Global warming is real, folks. This past weekend, the temperature at Disneyland in Anaheim reached 114°F, marking the highest recorded temperature at the park since it opened in 1955. It is also the highest temperature ever at any of the Disney properties, which also include Orlando, Paris, Shanghai, Tokyo and Hong Kong.
The heat was so suffocating that officials were forced to close all outdoor rides, including Big Thunder and Mountain Railroad. Several food vendors also called it a day. For those with a high tolerance for heat, it was a good day to visit the park, since it was practically empty.
Disney first aid staff were on alert in case any visitors became dehydrated. “There was one medic run right after the other,” one park cast member said.
The heatwave coincided with the park websites and app not working, which made it impossible to use the MaxPass app. Park employees issued handwritten notes to anybody who said they had bought a pass. The park tweeted, “A temporary system outage is affecting multiple websites and apps across our company, and we are working to quickly resolve the issue. We apologize for any inconvenience.”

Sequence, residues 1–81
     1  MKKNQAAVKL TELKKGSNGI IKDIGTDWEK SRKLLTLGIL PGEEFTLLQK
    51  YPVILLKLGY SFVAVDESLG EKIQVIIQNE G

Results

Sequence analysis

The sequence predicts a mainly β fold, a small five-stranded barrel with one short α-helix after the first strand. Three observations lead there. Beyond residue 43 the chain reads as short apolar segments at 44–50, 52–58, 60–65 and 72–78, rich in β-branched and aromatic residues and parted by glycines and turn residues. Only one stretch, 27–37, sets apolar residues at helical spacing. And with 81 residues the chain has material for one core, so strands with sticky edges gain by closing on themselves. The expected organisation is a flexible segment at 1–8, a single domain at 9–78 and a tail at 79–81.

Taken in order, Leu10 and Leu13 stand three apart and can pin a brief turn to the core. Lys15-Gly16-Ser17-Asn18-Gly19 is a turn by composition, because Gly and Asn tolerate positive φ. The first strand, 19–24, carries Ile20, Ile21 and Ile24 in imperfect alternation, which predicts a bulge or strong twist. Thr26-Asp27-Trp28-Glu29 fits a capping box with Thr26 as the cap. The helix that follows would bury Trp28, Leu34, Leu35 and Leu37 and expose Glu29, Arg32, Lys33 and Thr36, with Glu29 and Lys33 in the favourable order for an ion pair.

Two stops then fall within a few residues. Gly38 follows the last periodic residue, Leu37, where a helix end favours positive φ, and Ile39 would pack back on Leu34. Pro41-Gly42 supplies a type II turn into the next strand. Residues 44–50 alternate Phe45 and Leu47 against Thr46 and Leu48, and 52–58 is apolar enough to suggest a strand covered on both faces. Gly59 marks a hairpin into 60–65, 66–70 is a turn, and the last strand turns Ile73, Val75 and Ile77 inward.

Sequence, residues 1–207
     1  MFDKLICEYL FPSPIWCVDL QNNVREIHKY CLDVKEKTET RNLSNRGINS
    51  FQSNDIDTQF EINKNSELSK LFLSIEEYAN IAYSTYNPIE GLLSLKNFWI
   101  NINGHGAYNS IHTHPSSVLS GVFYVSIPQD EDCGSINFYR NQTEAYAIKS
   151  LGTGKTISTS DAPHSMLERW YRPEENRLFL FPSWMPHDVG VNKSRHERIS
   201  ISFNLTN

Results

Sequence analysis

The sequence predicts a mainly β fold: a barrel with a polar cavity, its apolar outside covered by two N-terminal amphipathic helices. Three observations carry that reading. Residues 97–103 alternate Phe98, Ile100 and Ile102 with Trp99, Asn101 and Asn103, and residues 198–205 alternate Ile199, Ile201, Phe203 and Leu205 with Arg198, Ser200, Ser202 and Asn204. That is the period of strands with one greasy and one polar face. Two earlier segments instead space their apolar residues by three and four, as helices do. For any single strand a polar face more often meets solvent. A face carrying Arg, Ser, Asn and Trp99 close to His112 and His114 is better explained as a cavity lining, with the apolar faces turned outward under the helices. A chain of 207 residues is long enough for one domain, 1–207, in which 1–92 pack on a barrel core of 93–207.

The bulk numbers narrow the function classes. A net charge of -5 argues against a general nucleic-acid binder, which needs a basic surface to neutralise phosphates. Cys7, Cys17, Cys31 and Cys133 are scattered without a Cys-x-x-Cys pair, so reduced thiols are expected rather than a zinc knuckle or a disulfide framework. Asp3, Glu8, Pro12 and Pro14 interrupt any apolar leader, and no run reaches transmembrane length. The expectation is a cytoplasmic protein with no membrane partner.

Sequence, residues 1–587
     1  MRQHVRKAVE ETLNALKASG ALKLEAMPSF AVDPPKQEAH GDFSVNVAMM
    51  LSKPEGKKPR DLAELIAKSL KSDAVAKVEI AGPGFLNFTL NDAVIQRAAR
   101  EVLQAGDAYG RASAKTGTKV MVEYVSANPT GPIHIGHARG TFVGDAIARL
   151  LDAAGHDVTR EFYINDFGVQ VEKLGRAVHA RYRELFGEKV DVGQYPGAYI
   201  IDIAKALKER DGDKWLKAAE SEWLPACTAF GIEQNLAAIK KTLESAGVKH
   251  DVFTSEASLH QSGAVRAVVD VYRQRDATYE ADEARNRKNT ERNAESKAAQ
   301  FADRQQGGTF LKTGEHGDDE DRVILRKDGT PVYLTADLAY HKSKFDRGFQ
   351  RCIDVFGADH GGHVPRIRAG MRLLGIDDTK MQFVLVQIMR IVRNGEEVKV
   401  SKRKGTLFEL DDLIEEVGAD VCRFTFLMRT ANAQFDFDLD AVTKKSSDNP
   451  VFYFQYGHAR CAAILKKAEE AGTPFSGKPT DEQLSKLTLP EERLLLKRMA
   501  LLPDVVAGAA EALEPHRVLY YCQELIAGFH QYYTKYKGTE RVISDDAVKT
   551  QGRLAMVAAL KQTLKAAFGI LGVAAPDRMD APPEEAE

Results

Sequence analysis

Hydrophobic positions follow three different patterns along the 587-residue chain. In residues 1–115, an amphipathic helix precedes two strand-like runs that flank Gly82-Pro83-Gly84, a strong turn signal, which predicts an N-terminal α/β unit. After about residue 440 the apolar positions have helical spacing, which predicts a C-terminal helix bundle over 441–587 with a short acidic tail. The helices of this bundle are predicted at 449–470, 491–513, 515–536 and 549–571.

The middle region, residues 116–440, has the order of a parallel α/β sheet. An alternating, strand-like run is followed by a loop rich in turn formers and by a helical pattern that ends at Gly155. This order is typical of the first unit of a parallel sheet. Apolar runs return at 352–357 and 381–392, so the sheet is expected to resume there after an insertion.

Also, the high temperatures considerably shortened the lines for rides, and most visitors could walk right on. “It reminded me of the 90s, before Fastpass, and how easy it was to traverse the park and get on rides,” Brian Pinsky of MiceChat wrote. “If it weren’t for the ridiculous heat, it would have been the perfect day.”
If you are willing to brave the heat at Disney, the park recommends the cooling towel, which is on sale for $17. To use the towel, you wet it, wring it and then snap it to activate the cooling effect, which lasts for several hours. The towel is machine washable and reusable.
The Los Angeles Department of Water and Power and Southern California Edison reported Monday that the heatwave has caused thousands of customers to lose power over the weekend. Crews had restored power to about 76,000 customers since Friday, but by Monday, nearly 8,000 residents were still without power. The DWP stated that people may have to wait a day or two for power to be restored.